Acts of suicide for a cause, or “martyrdom,” among Muslims today are more numerous than in the past, and far more complex than generally thought, according to two recent books on the subject.
Sociologist Farhad Kohosrokhavar of the Ecoles des Hautes Etudes en Sciences Sociales in Paris, has published a new book in French on “martyrdom” in the contemporary Muslim world, Les Nouveaux Martyrs d’Allah (Flammarion). The book is based upon the study of written material as well as upon observations during the Iranian Revolution and interviews with 15 Muslim extremists currently jailed in France.
Another recently published book by a Lebanese academic, Amal Saad-Ghorayeb, Hizbullah: Politics and Religion, (Pluto Press, 2002), throws some light on the ideology and justification of violence by the Shiite Hizbullah. What most Westerners consider as terrorist actions and suicide attacks is interpreted by a number of Muslims as “martyrdom operations,” especially in the Palestinian context (some firmly condemn Al Qaeda attacks while still accepting Palestinian suicide attacks).
There are also different types of “martyrs”: in Palestine, the title is given to all those who have been killed by the enemy. Hizbullah’s definition of martyrdom covers both premeditated deaths resulting from suicide missions and unpremeditated deaths on the battlefield or outside of it, explains Saad-Ghorayeb. But the fighter who has embarked on a suicide mission “is deemed to have served Islam and himself [i.e. eternal blessing] to the furthest possible extent”.
Strategic considerations are however not absent in Hizbullah’s “martyrdom operations;” they can be religiously sanctioned only if they have a real impact upon the enemy.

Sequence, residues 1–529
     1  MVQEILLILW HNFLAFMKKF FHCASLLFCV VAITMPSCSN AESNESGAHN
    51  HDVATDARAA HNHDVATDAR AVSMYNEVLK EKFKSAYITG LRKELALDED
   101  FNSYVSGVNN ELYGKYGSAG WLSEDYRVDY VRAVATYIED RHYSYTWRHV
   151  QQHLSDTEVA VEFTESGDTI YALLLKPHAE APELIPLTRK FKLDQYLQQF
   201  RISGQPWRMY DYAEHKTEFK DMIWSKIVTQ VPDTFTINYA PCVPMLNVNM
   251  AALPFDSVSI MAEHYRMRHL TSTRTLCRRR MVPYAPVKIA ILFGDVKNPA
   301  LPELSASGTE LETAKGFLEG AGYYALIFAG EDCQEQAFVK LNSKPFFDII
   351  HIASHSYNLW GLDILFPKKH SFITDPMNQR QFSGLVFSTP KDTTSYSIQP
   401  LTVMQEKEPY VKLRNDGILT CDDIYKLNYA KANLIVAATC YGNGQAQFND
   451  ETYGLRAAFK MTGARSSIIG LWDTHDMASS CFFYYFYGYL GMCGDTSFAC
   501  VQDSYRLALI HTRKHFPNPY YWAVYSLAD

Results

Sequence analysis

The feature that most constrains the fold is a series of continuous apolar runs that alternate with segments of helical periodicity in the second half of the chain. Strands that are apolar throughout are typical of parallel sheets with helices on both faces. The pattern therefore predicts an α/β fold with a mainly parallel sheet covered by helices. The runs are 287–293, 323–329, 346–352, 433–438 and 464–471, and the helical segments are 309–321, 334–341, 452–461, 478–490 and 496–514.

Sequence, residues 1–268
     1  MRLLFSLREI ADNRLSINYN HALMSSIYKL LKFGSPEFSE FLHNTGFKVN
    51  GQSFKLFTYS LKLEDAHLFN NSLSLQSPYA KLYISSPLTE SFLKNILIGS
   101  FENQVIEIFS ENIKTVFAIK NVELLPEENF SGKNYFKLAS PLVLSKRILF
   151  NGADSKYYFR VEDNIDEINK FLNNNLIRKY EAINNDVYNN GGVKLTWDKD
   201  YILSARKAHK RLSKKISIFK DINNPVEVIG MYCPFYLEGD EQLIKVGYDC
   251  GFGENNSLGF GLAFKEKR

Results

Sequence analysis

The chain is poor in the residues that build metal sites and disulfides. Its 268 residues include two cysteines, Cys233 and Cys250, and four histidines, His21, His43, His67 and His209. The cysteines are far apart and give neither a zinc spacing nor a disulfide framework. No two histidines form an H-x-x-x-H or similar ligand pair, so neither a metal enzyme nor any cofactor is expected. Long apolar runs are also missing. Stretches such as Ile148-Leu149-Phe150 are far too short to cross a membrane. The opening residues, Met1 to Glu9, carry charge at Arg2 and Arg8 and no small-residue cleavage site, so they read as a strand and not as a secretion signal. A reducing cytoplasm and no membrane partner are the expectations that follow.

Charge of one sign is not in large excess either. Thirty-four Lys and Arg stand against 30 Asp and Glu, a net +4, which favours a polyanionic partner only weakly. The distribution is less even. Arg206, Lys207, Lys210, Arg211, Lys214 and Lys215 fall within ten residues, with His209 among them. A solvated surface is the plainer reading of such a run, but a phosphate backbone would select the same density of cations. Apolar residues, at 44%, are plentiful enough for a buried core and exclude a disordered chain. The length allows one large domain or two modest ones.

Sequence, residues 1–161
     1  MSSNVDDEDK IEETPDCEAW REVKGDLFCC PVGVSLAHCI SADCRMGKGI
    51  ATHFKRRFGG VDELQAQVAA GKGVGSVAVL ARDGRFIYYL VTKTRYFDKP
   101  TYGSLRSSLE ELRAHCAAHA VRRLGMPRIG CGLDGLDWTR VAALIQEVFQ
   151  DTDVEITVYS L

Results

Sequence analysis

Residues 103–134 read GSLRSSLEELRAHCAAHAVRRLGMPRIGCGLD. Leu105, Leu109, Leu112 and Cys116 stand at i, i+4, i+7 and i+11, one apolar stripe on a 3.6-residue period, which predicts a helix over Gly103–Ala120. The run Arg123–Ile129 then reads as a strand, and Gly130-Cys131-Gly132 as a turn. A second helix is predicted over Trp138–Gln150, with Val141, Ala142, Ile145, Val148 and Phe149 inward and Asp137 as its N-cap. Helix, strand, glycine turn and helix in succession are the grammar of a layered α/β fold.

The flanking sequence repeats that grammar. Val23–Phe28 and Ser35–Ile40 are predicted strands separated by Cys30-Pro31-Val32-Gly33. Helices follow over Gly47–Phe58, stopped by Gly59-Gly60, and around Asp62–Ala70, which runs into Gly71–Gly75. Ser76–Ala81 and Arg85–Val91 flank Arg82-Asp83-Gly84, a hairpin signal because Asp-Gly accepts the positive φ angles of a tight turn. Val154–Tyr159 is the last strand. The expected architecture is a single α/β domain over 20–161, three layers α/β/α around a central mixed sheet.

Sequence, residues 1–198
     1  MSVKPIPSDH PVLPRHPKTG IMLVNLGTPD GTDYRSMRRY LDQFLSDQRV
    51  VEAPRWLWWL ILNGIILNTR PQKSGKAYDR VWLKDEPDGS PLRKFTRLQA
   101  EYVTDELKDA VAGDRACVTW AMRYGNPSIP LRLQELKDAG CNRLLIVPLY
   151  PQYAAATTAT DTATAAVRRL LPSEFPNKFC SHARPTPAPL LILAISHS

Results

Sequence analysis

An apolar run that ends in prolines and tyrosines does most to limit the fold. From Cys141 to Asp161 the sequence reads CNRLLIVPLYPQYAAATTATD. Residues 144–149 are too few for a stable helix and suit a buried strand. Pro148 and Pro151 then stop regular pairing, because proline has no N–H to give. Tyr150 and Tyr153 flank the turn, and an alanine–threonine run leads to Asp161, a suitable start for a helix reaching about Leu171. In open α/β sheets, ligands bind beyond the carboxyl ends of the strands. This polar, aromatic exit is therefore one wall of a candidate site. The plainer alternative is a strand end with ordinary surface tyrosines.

In contrast with Christianity, martyrdom in Islam does not preclude physical violence against the enemy. In an interview with RW, Khosrokhavar remarked that “martyrdom” as we see it today however represents a new form, first due to its proliferation: whereas martyrdom tended to be something unusual, there are many candidates to martyrdom today. Religious beliefs are not always required: what is needed is the sacralization of some cause, which often can be a national cause.
According to Khosrokhavar, one should distinguish between two types of “martyrs”, even it they are often lumped together. On the one hand, there are those who sacrifice their lives for a cause which may be Islamic, but at the same time is a national cause (Lebanon, Palestine, Kashmir, etc.).
On the other hand, there are those affiliated with transnational, radical groups, not rooted in a specific national context, and aspiring to avenge humiliations which they feel Muslims experience around the world as well as to create a new global Islamic order which is understood in very vague terms. “They know what they don’t want, but are far from knowing what they want,” Khosrokhavar said.
Asked about the motivations of those Al Qaeda types of people whom he met in French jails, Khosrokhavar reported that they indeed hated the West and pro-Western Muslim regimes, and aspired to establishing an ideal Muslim world. But they were not originally pious Muslims: “It is not because they were Muslim believers that they became radicals.”
Their hatred of the current world order preceded their Islamization, which they then fed with extreme forms of Islam. They are no foreigners to modernity: often able to speak 3 to 6 languages, familiar with the West, they might well be radicalized children of globalization.
— By Jean-François Mayer